The reaction of an organosilane within general formula (II) with oxygen-containing materials such as water proceeds without catalyst at room temperature (25° C.); however, it is preferred to carry out the reaction at moderately elevated temperatures, such as temperature ranging from 25° C. up to 100° C., in order to produce the coatings in reasonable time. Most preferably, the temperature is maintained at not more than 74° C. The pressure of the reaction of an organosilane with water vapor will generally also proceed at atmospheric pressure, however, the pressure in the container, or near the surface being treated, may either be in vacuum or above atmospheric pressure. This will of course depend on the rates of reaction of the organosilane with the oxygen-containing compound, the desired coating deposition rate, and desired thickness of the coating. It is of course within the invention to make layered coatings of two or more organosilane/oxygen-containing compound reaction products. It is also considered within the invention to employ two or more organosilanes simultaneously to make a “mixed” coating. Indeed, it is possible that the organosilane may be employed in conjunction with a non-organosilane to form either layered or mixed coatings.

Silane and organosilanes are toxic materials, and, depending on the organosilane, pyrophoric. Special care in handling these materials is warranted, preferably well-ventilated hoods. Electronic grade silane (SiH4) is available commercially in cylinders from Air Liquide America Corporation, Houston, Tex. Trimethylsilane is available commercially from Dow Corning Corporation.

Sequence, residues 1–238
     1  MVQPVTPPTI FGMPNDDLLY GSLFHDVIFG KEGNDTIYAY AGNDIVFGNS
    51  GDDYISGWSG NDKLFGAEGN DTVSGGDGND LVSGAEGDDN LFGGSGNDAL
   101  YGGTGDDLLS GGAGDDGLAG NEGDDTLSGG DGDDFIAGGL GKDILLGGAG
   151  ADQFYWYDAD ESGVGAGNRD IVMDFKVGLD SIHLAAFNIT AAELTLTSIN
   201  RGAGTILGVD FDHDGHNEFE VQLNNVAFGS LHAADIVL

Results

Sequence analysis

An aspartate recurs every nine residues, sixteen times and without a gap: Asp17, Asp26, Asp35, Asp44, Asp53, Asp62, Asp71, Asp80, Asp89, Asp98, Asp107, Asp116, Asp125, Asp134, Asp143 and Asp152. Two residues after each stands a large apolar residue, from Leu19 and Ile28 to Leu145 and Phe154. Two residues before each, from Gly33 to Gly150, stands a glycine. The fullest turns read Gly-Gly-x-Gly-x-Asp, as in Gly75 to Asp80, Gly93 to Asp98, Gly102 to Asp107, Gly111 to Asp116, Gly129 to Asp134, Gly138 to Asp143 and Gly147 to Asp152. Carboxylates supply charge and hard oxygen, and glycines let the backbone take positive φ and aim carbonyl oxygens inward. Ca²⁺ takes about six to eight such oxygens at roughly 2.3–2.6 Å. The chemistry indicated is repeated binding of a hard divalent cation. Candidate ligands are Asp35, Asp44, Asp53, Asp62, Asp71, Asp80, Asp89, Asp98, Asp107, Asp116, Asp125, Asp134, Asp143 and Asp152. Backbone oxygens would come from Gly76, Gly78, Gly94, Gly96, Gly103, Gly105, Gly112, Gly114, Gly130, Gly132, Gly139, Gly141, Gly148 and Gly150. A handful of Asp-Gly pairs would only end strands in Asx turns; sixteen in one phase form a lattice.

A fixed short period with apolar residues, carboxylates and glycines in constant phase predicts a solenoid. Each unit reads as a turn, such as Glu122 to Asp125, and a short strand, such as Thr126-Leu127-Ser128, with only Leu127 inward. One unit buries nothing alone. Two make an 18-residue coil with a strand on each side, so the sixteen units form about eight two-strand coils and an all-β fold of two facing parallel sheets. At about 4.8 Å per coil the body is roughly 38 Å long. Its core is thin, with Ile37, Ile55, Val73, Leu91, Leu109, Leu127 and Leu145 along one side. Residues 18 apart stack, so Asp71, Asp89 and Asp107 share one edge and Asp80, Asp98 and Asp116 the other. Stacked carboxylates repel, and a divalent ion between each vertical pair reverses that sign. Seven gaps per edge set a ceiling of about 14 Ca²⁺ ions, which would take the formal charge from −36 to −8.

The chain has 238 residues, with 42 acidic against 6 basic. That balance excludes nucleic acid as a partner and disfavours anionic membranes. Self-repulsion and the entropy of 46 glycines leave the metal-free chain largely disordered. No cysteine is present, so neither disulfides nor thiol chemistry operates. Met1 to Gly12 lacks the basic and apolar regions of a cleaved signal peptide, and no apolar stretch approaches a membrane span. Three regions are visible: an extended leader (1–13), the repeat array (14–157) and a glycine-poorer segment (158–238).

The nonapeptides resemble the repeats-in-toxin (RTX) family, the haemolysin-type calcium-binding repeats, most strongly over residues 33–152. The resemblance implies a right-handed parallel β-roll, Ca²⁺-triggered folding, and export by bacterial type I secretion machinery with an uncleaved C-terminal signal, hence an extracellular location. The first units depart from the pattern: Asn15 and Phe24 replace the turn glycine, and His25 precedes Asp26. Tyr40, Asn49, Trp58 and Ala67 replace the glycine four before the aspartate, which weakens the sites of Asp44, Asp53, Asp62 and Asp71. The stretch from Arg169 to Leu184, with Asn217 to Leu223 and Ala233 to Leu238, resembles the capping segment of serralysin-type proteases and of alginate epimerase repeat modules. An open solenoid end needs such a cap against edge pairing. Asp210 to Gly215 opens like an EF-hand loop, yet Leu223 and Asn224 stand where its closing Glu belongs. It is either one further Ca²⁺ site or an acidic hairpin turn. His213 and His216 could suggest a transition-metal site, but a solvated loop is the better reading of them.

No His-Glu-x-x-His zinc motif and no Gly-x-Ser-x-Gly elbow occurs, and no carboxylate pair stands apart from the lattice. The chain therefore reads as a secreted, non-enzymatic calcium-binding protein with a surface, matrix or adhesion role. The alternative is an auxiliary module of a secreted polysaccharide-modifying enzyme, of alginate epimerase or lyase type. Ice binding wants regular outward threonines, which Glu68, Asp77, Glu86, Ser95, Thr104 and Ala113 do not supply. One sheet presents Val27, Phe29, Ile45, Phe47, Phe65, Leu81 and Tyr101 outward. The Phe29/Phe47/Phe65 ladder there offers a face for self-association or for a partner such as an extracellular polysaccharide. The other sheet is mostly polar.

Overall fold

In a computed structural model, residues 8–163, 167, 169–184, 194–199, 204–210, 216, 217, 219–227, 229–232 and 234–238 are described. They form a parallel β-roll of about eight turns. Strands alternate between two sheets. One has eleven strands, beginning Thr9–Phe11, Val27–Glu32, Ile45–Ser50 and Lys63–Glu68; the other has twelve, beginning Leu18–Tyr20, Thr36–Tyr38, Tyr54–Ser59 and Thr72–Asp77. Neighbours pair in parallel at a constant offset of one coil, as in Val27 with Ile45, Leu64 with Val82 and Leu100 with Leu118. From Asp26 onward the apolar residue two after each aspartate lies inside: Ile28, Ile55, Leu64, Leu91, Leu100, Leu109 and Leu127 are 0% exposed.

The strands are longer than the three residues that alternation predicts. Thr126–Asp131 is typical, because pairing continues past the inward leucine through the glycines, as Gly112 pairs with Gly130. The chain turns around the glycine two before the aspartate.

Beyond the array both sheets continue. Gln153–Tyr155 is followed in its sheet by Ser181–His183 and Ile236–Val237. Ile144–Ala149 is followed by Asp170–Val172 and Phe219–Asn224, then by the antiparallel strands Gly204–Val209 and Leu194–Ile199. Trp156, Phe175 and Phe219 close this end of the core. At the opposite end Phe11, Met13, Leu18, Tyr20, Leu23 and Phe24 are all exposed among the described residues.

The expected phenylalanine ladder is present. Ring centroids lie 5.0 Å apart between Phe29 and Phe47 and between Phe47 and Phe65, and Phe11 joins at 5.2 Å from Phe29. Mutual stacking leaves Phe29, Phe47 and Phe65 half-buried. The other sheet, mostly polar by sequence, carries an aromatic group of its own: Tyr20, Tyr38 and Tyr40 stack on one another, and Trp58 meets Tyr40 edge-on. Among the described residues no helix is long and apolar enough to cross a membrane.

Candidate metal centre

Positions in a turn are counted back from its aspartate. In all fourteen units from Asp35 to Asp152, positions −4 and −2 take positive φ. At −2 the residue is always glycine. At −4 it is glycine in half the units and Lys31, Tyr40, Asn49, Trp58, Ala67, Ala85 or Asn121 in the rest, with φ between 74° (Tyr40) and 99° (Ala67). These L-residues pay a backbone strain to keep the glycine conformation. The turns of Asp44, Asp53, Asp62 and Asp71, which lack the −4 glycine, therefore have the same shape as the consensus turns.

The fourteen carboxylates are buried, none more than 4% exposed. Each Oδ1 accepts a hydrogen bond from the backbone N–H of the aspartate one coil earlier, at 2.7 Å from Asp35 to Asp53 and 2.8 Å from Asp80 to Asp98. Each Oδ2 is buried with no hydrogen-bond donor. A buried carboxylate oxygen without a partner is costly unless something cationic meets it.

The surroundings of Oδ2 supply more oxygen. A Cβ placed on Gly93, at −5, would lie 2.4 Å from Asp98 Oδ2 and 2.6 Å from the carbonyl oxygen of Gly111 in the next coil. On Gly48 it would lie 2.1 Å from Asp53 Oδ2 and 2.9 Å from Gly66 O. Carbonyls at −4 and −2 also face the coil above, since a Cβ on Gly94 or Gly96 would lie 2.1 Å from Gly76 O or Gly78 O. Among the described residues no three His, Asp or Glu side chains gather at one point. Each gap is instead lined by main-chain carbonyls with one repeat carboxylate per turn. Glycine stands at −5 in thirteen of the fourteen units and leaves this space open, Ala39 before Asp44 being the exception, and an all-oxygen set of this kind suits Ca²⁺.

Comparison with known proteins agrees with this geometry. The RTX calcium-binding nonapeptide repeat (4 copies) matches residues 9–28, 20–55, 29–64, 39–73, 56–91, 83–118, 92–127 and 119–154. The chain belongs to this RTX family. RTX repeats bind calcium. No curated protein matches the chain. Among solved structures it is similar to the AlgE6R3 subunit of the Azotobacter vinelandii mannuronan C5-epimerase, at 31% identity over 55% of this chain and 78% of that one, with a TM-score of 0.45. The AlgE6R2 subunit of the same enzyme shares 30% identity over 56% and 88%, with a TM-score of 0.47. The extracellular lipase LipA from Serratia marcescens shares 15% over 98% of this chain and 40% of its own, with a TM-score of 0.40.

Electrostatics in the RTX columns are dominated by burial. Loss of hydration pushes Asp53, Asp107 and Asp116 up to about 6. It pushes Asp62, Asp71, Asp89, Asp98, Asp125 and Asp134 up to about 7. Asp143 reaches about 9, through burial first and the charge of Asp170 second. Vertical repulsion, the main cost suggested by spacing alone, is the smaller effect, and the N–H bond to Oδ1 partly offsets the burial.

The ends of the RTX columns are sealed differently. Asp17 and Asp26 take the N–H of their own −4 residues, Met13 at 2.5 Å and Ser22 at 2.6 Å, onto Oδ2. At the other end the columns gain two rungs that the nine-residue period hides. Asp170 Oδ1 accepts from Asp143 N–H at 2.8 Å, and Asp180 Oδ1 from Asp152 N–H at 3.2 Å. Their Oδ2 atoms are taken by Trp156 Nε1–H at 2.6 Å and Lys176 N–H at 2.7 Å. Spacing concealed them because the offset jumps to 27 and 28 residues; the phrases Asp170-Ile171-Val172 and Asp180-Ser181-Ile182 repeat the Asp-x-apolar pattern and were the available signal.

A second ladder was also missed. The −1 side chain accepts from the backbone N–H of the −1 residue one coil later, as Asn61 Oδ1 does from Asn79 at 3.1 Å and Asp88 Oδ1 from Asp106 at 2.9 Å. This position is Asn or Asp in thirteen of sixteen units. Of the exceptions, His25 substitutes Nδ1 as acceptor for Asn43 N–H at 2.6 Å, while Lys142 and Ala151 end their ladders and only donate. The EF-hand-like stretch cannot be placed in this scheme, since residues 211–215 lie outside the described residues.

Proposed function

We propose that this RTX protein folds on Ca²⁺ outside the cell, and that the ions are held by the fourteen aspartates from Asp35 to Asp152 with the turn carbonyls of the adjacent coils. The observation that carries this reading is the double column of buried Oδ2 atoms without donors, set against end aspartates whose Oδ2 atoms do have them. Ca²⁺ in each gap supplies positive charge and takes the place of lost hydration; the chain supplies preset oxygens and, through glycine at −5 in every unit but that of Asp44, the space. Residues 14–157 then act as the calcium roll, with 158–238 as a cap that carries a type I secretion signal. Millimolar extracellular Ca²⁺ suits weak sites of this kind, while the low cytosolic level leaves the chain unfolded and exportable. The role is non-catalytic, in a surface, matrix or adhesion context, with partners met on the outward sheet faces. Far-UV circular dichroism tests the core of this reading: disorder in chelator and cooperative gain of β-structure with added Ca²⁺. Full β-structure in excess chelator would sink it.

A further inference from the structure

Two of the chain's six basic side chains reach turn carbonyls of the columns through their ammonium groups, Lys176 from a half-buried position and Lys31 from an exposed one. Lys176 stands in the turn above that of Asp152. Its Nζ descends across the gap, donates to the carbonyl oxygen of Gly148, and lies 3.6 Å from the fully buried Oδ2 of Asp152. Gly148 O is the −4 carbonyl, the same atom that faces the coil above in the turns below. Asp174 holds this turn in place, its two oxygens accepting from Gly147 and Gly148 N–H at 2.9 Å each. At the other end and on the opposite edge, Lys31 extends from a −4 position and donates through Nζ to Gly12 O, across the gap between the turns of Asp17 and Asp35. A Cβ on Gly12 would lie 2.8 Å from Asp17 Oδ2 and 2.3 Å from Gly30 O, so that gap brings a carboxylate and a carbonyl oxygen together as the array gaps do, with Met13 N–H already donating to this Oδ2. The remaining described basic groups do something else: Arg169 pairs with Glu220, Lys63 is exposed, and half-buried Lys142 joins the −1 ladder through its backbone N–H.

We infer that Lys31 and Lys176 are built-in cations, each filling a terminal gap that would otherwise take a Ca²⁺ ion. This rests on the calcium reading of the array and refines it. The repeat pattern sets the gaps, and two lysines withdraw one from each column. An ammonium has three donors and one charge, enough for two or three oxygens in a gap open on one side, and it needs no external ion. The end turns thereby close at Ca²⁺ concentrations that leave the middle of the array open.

Preferred silicon-containing compounds include silane, and methyl-containing organosilanes; particularly those wherein the methyl-containing organosilane is selected from the group consisting of methylsilane, dimethylsilane, trimethylsilane and tetramethylsilane. Preferred organosilane compounds include methylsilane compounds having the structure SiHn(CH3)4-n, where n=1 to 3, i.e. methylsilane, dimethylsilane, or trimethylsilane or the structure Si2Hm(CH3)6-m, where m=1 to 5. The most preferred organosilane compound is methylsilane, CH3SiH3. The organosilane compounds are hydrolyzed by reaction with water, oxygen or water-containing gases such as humid air and/or other oxygen-containing gases, such that the carbon content of the deposited film is from 1 to 50% by atomic weight, preferably about 20%.